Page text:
Jan 2, 2007

"Is the adaptive re-use of human beings and their emotions possible?" [LINK]

From a review, by Leslie Camhi in the Village Voice, of Inconsolable Memories, a film installation by Canadian artist Stan Douglas that is showing at the Studio Museum in Harlem. Douglas's work builds upon Cuban director Tomás Gutiérrez Alea's 1968 film Memories of Underdevelopment, which focuses on a character named Sergio, who who watches his wife and best friend leave Cuba while he stays behind to brood. Douglas's film follows Sergio's fate up until the Mariel boat life of 1980.

This installation is accompanied by a series of beautiful, large-scale color photographs Douglas has taken on recent trips to Cuba. Many focus on the "adaptive reuse" of buildings whose original purposes have been sacrificed to more pressing needs. Bank lobbies have become parking lots; movie theaters are carpentry workshops; one corner of a private home sells sandwiches and drinks; an elegant villa now houses a refrigerator-repairshop. Numerous contemporary photographers have found inspiration in Havana's picturesque ruins, where a variety of temporalities intersect: the remnants of a former colonial playground, the utopian hopes of mid-century, and the present-day austerities that threaten to reduce it all to rubble. Devoid of nostalgia, Douglas's deeply sober pictures reward the patient examination that teases out these multiple perspectives.
No doubt about it: contemporary Cuban life provides us with an arresting series of images. While economically moribund, it's like a gold-rush town for artists seeking to depict alternate contexts.

Camhi continues with an interesting observation about why human psychology itself may render utopian schemes impossible:

In relation to his film, they also pose the question: Is the adaptive re-use of human beings and their emotions possible? Freud -- and Proust, who would appear to be Douglas's muse -- would say that's what we do whenever we fall in love: We harness that old feeling and bring our memories of past affections to bear upon the person standing before us.... The revolution promised an eternal present, but people like Sergio had trouble adjusting -- they were glad to see the old order go, but unwilling (or unable) to marry the moment.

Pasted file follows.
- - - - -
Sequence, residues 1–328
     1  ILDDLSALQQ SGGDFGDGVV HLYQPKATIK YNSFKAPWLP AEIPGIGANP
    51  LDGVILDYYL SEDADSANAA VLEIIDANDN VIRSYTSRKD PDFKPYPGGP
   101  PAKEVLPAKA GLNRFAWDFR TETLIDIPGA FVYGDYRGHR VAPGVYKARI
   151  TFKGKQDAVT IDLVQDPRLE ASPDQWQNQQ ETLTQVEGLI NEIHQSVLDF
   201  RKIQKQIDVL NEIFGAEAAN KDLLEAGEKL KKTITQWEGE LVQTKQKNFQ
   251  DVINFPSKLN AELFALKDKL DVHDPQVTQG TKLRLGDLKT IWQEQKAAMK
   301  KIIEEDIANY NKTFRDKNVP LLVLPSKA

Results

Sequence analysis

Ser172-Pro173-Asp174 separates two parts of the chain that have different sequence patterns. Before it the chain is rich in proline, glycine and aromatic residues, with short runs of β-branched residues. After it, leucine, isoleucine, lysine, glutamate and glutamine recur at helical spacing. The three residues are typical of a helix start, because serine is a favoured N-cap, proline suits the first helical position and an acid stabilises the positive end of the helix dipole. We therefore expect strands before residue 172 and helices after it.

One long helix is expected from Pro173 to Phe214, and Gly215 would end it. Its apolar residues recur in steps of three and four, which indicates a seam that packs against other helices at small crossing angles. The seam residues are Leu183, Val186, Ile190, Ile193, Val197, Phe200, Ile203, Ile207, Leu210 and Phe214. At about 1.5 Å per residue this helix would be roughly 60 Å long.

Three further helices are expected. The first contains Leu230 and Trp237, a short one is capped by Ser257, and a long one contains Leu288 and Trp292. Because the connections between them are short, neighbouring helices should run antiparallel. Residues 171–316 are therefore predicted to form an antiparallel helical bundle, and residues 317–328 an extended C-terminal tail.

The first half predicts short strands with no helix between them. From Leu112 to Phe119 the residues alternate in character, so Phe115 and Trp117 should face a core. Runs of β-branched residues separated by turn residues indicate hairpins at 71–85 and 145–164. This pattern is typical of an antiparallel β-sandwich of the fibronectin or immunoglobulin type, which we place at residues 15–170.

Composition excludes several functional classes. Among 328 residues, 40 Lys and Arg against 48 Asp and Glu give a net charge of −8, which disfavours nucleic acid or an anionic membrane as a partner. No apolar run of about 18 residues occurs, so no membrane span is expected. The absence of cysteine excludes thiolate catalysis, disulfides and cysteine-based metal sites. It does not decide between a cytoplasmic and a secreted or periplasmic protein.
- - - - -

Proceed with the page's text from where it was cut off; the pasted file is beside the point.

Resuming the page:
Camhi adds that the film's "status as a kind of cinematic remake" as well as its "characters trapped in time" reinforce the difficulty of living in the present.

Of course, there is nothing about an obviously decrepit socialist Cuba that doesn't also deserve a swipe at capitalism:

When was it exactly that living with perfect attention to the present moment became impossible? I'd like to blame it on certain late-capitalist phenomena: cell phones, iPods, pagers, and BlackBerries. But reel-to-reel tape recorders work just as well in Douglas's film as devices of alienation. And really, you'd need to go much further back -- to a time before the first photographs were taken, or even before the first words (those signifiers of absence) were spoken.
So just how do even these more archaic technologies prevent us from living in the present? Can't say for sure. If anything, these various "late-capitalist" artifacts appear to do the opposite, crowding out attention to long-term history by swamping your senses.

But the howler is the concluding paragraph:

Speaking of quasi-utopian pasts, it would seem truly churlish not to mention my esteemed colleague Fred W. McDarrah's wonderfully absorbing show, "Artists and Writers of the 60's and 70's," at Steven Kasher Gallery (521 West 23rd Street) through January 6. McDarrah was the primary photographer at this paper during its first 30 years. Over 100 vintage prints from his archives show assorted scene makers -- from a boyish Bob Dylan to a wizened old Marcel Duchamp -- getting down, getting arrested, getting naked, and making art. Where is the downtown of yesteryear? Will it come again?
Yep, we harness that old feeling and bring our memories of past affections to bear upon the person standing before us.

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